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Intellectuals 'abandon Western dream'
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"An aging man in his seventies, who writes and has some experience", that's how Wang Meng describes himself. The renowned writer who won fame when he was 19 years old has had a colorful life over the past half a century. He was labeled a "rightist" in 1958 but was appointed Culture Minister after China's reform and opening-up. He has published more than 15 million words and even in his seventies still writes for four to five hours a day.

Wang Meng still writes for four to five hours a day.

Wang Meng still writes for four to five hours a day.

Wang is a man of uncommon experience, outstanding talents and insight. He clearly and cleverly paints a picture of the social and moral changes of the last 30 years, changes that he regards with a tolerant and humanistic attitude.

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"The biggest event of my life, indeed of the twentieth century, was the revolution that woke up the Chinese people. It changed history but also daily life," said Wang when he talked to China News Service recently. "After the revolution, we were faced with a transition from high tide to low tide; more precisely, we went back to normal."

"Normal means there are ups and downs. But most of the time, life is lived in tranquility," added Wang. "But we have had many extraordinary moments this year, such as the relief work after the May 12 earthquake, the Olympic Games and the Shenzhou VII space mission."

Wang used the theory of peaks and normality to explain China's social and moral changes. "When society is at a high point, in world-shaking moments, individual life also reaches a pinnacle. On the other hand, when life turns normal, for example, when society focuses on economic development, the dark side – greed, superficiality, cultural retreat and mediocrity – emerges.

He admitted that a variety of social ills had emerged in China over the past 30 years, but he has always embraced them with a smile.

"I'm an irremediable optimist," Wang joked. "It's unfair to say that social morality is rotten just because everything keeps changing. The Chinese are a great and eager people. It's natural that they should embrace materialism. "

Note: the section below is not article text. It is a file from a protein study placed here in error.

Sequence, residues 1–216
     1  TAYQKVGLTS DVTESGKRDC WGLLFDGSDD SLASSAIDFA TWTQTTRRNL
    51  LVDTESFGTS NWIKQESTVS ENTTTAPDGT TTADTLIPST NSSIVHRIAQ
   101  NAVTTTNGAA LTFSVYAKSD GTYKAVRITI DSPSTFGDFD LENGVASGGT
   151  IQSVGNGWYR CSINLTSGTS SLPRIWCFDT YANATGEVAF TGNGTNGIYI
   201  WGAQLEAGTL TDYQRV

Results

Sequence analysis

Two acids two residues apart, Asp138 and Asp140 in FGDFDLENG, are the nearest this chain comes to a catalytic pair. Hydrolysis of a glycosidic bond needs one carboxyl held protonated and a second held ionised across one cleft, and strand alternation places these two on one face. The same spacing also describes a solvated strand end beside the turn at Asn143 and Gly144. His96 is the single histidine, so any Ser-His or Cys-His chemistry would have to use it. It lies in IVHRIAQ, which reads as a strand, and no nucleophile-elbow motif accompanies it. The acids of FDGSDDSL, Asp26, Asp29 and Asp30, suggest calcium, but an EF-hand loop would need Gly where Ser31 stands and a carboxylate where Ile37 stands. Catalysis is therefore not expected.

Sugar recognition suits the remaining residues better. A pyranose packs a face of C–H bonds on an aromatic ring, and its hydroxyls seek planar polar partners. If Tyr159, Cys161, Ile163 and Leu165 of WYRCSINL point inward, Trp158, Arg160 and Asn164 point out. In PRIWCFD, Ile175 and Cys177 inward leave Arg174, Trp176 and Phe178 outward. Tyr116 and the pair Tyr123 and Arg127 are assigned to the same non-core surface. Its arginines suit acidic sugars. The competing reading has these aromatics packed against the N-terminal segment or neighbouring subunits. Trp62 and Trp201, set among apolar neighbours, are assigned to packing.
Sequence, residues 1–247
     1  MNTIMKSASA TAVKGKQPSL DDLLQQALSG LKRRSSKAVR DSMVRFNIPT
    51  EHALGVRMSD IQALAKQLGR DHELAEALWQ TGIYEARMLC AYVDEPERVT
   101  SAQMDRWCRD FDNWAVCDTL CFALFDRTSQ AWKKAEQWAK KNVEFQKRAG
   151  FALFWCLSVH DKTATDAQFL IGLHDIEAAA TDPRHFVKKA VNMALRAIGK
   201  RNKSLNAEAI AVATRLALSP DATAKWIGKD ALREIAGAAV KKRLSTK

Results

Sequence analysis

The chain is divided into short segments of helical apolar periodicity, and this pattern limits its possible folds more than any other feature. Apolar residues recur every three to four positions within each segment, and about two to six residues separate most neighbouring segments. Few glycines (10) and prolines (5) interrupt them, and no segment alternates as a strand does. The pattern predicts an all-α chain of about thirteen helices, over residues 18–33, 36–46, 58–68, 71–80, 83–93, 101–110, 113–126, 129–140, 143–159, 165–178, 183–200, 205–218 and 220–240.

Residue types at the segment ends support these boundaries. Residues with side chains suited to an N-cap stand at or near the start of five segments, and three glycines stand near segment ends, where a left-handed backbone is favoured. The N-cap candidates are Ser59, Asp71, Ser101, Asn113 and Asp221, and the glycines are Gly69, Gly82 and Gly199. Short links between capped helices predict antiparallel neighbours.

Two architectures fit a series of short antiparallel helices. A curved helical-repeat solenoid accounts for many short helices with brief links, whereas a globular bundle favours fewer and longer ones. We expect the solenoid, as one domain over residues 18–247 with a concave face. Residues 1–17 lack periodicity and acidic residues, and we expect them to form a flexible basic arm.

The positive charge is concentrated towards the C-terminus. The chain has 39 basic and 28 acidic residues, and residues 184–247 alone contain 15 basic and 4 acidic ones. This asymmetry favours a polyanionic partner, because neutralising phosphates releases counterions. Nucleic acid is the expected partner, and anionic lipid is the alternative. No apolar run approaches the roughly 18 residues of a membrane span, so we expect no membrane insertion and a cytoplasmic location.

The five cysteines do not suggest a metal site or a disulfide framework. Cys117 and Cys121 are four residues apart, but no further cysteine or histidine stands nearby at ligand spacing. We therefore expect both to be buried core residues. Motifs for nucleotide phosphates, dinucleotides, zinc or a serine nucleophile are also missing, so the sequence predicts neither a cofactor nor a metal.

He doesn't agree that all the problems have resulted from reform and opening-up. "I don't agree with the view that things have gone to the dogs because of reform and opening up. It's more a question of the people themselves rebuilding and reaffirming their core values."

Intellectuals, always regarded as conscience of society, have been criticized recently for pursuing fame and wealth. But in Wang's eye, Chinese intellectuals have maintained a positive attitude over the last 30 years. "I have never seen so many well-educated people seeking official positions," said Wang. "Can you call that degeneration?"

"At the beginning of reform and opening-up, intellectuals were split. Some couldn't wait to see radical change and Westernization, although there were very few who held this viewpoint. In the 1990s, most of them abandoned the illusion of total Westernization as they saw the social system was moving forward smoothly," explained Wang. "They began to think about how they could benefit society and people under the current system. In other words, they became reconciled, at least partly, with the social system.

"Most intellectuals, contrary to previous expectations, didn't stand in opposition to socialism with Chinese characteristics. That was fortunate for China – the country needs improvement and reform, not violent revolution and division.

"China had been in turmoil for 168 years. We criticized society and longed for re-construction. Well, Chinese intellectuals finally have the opportunity to take part in re-construction and to seek a better society under stable circumstances."

Wang does not deny that China still faces many problems but he said the country has made some unprecedented achievements. "Under these circumstances, Chinese intellectuals have come down to earth, and are exploring the national culture and spirit. They should have their confidence," Wang said.

Although well into his seventies, Wang's life is filled with writing, reading and lecturing. When asked if he is afraid his creativity drying up, Wang laughed and said "not at the moment, maybe next year."

One of the best answers to the question is that he published three books and two romantic novels this year. Wang's next challenge will be to do a half-an-hour English interview next year – he started learning English when he was 70.

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